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Drug War or Civil War?

The crime rate doesn’t explain the skyrocketing numbers of black men in America’s prisons. But the Drug War does.


Neighborhood rite of passage.
Photo via thinkstockphotos

By Dirk Hanson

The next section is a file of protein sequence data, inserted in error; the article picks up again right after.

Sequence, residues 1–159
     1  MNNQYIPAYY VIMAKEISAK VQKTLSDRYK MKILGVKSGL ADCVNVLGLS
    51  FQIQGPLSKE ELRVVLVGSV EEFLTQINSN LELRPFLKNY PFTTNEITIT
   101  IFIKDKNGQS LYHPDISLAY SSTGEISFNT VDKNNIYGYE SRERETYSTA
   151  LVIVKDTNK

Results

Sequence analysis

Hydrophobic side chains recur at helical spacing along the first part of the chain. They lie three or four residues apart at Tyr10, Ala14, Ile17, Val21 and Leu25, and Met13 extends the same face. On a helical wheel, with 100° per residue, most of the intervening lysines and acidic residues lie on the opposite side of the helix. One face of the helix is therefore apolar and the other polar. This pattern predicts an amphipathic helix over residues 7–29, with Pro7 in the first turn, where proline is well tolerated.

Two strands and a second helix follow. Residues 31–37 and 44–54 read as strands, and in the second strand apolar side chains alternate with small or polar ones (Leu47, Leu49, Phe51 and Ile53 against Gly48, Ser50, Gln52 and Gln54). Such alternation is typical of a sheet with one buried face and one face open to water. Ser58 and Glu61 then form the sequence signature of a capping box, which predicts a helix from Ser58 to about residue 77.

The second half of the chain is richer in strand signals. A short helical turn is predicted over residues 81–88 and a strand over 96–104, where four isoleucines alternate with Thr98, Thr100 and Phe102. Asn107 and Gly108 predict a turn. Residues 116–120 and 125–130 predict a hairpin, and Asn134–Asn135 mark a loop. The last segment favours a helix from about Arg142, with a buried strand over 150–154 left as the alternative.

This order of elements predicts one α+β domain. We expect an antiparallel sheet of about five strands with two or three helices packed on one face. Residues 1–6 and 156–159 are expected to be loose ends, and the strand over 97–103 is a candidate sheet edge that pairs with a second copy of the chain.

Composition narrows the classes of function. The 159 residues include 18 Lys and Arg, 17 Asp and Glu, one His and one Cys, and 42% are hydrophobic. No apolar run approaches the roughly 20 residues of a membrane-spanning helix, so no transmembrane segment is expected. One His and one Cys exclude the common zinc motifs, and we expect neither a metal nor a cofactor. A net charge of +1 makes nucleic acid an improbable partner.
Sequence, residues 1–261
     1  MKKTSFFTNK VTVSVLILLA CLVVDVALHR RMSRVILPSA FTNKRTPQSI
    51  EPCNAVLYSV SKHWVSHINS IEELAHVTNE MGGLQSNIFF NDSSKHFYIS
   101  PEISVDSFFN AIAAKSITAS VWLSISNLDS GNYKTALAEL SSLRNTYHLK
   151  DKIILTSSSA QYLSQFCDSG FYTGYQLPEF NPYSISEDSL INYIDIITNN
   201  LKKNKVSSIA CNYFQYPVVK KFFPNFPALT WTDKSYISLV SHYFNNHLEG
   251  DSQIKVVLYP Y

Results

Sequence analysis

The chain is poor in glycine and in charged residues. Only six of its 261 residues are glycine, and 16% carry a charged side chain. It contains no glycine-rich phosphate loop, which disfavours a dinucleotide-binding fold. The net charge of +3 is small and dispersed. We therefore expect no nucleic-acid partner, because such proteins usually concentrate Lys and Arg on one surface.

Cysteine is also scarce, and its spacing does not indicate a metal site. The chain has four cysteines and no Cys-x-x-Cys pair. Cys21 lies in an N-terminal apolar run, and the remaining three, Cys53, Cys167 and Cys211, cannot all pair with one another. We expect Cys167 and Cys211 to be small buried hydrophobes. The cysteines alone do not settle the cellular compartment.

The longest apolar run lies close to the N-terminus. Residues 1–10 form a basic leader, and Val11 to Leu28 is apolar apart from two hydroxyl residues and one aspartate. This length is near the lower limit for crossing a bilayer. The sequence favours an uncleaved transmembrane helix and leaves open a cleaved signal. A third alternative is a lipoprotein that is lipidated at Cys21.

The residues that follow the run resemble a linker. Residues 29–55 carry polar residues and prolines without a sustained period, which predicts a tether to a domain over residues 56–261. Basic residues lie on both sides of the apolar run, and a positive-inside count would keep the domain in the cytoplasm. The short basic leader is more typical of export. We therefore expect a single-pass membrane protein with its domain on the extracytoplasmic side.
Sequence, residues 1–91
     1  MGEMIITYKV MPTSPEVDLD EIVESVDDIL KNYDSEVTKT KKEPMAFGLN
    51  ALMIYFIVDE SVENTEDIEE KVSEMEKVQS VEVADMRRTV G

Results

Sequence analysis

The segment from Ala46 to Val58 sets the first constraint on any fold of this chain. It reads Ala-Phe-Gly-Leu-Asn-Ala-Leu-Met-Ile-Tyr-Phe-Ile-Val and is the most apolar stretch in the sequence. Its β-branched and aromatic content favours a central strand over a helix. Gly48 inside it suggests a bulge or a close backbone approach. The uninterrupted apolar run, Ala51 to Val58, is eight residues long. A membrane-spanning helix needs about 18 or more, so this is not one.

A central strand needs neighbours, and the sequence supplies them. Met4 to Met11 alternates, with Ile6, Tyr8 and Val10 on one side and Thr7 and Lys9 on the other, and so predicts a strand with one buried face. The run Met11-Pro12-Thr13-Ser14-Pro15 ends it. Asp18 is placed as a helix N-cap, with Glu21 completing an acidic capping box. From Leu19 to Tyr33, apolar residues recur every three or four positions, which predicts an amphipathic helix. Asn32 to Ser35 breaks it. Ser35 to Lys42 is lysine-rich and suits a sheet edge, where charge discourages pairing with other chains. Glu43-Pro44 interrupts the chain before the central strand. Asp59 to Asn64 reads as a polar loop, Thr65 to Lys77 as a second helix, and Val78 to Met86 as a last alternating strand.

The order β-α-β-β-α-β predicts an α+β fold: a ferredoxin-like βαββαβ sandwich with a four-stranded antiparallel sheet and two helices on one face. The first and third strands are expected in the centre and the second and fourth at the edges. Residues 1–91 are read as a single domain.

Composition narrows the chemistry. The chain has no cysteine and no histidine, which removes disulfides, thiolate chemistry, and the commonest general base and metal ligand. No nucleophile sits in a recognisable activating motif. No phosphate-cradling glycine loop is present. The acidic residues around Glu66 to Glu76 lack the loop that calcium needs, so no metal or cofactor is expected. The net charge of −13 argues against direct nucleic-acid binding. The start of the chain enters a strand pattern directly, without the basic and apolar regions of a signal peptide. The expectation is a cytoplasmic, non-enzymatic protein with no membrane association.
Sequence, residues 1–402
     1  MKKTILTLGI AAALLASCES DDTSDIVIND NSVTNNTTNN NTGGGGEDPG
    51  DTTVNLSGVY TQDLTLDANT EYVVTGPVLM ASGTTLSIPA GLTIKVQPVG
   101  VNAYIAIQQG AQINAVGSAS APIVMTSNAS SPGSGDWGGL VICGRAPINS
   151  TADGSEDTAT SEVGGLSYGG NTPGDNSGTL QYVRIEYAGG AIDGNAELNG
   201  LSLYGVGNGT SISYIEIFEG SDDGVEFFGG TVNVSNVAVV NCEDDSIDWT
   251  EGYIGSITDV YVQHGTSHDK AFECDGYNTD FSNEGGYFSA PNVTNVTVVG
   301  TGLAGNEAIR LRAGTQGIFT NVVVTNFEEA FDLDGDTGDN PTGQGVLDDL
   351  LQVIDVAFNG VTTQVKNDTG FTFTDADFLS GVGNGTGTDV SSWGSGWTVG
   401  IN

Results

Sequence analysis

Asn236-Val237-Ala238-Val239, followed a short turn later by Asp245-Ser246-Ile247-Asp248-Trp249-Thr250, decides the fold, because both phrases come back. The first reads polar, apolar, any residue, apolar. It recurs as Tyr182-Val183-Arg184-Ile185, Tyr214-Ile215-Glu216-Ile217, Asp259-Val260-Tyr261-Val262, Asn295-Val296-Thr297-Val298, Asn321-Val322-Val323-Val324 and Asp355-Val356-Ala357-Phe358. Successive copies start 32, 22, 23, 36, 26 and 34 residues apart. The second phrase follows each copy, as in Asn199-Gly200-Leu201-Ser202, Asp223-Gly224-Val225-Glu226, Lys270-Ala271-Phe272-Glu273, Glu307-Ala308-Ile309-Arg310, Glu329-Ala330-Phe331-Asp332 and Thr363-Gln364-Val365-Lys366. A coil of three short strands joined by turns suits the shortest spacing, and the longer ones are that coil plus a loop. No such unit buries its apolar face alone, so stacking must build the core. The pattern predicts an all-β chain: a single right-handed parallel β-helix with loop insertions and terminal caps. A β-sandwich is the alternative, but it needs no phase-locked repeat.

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Author Michelle Alexander does not mince words: “More African American men are in prison or jail, on probation or parole than were enslaved in 1850, before the Civil War began.” Alexander, an Ohio State law professor and author of The New Jim Crow: Mass Incarceration in the Age of Colorblindness, believes that current drug policy leads to a discriminatory legal system in which black men cannot win. “Growing crime rates don’t explain the skyrocketing numbers of black—and increasingly brown—men caught in America’s prison system,” she said last week at a reading in Pasadena. In fact, current U.S. crime rates are at historic lows in many categories. “Most of that increase is due to the War on Drugs, a war waged almost exclusively in poor communities of color,” she said. The result is a vicious cycle of repeat offenses, accompanied by loss of voting and educational privileges. Convicted felons are often denied loans and employment as well. A majority of black offenders will return to prison within two years, Alexander said.

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